Blotched blue-tongue on the road in Orroral Valley, ACT (Oct 2008).


Blotched blue-tongue on Corin Road, ACT (Feb 2015).


This one had much brighter colours than the Orroral Valley one.

When removed from the road and placed amongst the gravel and roadside grasses the camouflaging colour scheme came into its own.

And it remained extraordinarily placid throughout, even when picked up.

No blue-tongue is particularly agile or fast on its (relatively tiny) feet. I guess they have little need to evade predators, which they tend to try to deter more with their huff and bluff display, and flashing blue tongue. But honestly, the blotched blue-tongue takes indifference to extremes. I've always been able to walk straight up to them and pick them up off the road (as much to keep them from being a casualty to passing cars as to "commune" with them briefly) without even a flinch on their part. And on release they just sit there, no flurry of escape, just a resumption of apparent lethargy and apathy. 


The Shingleback, on the other hand, is relatively feisty and is restricted to lower elevations. It is at the edge of its extensive (southern and inland eastern Australian) range in the woodlands of Canberra's north-eastern fringes, and is most commonly seen in woodland reserves like Campbell Park and Mulligans Flat. 

Surprisingly, I couldn't find any photos that I'd taken of Shinglebacks in the ACT so I'll have to use some from further afield. But these highlight the differences in colour and pattern that also occur in this species. In my experience, they seem in general to be darker in the east and lighter and more patterned as you head west. The species is divided into four subspecies but I don't think there is necessarily a strong correlation with overall outward appearance (T. r. aspera is the 'eastern shingleback', rugosa is the 'common shingleback', and there are two geographically restricted subspecies in Western Australia, T. r. konowi on Rottnest Island and T. r. palarra around Shark Bay).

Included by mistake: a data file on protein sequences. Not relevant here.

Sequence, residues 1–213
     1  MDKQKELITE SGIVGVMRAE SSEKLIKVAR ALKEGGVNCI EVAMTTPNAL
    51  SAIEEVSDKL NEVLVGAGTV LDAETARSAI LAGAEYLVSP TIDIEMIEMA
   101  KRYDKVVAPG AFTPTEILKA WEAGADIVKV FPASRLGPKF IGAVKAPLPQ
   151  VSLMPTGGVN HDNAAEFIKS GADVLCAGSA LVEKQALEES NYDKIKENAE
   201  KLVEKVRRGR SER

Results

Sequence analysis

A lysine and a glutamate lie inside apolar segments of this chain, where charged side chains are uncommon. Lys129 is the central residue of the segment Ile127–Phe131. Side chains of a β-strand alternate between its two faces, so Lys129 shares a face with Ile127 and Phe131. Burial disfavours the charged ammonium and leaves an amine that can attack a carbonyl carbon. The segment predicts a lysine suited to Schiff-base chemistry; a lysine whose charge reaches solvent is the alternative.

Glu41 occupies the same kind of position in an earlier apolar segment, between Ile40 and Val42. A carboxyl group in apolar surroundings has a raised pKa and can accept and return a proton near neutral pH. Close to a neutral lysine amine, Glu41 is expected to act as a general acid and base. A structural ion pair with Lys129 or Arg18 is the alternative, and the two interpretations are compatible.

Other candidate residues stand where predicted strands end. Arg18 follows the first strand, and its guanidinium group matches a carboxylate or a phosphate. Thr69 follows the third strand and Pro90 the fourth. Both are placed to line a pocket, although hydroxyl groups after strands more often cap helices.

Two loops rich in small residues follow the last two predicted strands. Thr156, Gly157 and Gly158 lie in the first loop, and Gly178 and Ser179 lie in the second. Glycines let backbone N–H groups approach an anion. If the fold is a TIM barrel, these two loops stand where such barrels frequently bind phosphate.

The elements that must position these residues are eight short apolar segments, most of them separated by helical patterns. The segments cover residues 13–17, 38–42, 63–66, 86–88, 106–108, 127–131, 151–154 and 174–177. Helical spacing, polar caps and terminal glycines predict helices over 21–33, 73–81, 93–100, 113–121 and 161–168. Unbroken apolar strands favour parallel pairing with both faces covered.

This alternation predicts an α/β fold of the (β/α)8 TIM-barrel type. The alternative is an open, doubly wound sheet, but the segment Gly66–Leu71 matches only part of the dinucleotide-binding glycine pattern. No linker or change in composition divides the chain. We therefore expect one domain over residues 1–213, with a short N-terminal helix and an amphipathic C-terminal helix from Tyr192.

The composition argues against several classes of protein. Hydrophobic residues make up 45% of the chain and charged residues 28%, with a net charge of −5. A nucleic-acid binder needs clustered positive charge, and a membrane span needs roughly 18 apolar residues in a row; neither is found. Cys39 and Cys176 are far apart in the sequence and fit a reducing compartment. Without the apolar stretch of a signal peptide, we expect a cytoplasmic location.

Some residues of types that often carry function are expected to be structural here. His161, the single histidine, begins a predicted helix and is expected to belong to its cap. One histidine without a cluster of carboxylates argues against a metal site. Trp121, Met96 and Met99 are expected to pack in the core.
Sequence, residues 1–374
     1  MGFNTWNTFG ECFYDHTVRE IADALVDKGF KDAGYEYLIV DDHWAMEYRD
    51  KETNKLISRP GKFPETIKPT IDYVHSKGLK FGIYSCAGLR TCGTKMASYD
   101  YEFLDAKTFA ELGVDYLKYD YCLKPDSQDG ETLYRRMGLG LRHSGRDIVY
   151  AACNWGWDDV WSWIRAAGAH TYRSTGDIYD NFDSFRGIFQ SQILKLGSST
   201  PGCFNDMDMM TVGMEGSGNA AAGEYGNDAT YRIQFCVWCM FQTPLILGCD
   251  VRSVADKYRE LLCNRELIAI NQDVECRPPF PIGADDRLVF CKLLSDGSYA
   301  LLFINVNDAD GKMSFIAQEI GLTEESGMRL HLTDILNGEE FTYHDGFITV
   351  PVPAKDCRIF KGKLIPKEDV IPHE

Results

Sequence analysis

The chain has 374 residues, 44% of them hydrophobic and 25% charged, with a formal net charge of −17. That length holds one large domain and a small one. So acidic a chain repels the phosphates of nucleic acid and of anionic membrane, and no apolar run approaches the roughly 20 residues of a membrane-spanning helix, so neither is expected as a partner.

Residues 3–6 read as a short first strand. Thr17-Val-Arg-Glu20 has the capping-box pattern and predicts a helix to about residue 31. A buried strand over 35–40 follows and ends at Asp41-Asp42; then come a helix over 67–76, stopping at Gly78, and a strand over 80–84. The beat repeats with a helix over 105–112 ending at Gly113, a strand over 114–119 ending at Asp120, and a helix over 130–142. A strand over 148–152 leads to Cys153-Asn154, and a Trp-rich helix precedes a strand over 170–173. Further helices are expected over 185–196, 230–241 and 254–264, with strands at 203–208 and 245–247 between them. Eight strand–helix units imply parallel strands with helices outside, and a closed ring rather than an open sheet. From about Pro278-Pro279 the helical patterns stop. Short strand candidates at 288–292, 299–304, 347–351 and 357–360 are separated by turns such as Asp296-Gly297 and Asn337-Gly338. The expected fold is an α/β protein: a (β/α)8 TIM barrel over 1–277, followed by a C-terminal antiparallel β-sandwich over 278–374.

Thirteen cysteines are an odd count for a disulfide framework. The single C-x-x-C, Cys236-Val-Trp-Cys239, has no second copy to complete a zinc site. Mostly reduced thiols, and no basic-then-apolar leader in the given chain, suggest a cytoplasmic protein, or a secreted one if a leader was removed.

Shingleback threatening me as I went to remove it from its risky position in the middle of the road.
Allena, central-west NSW, Oct 2014. (see earlier post)


All-dark Shingleback near Ivanhoe, western NSW (Sep 2008).

They're very charismatic creatures in a dull, sedate kind of way.

This and the following photo are of a pair of Shinglebacks in Kinchega National Park, western NSW (Oct 2008).

The patterning of yellow ventral scales is only slightly different on this one, and the tail is more pointed.

This Shingleback, at the eastern end of The Coorong in South Australia, is more highly patterned, and in this particular sandy situation, is better camouflaged. (Oct 2008).

And this Shingleback from near Manypeaks in south-western Western Australia (Sep 2004) shows the slight banding pattern characteristic of the western populations of the species.

I always love coming across blue-tongues when out travelling. Great lizards.


5 comments:

  1. The more you blog the more you will encounter this zeitgeist effect of several people writing about the same thing at the same time. It's because you are all reading much the same stuff, interested in the same stuff and it is also literally seasonal -- food bloggers experience it especially if they are in the same hemisphere because they are cooking with the same ingredients. In yours and Ian's case I'll bet you both had blueys on the mind because you'd noticed them around in the garden more. Kathy and John have them in the garden too. They've got a pic of a pair mating in their garden I think.

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    1. Oh! - the X-Files music just went away...

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  2. We've had a couple in our garden in suburban Melbourne this year too.

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    1. How common are they normally in suburban Melbourne?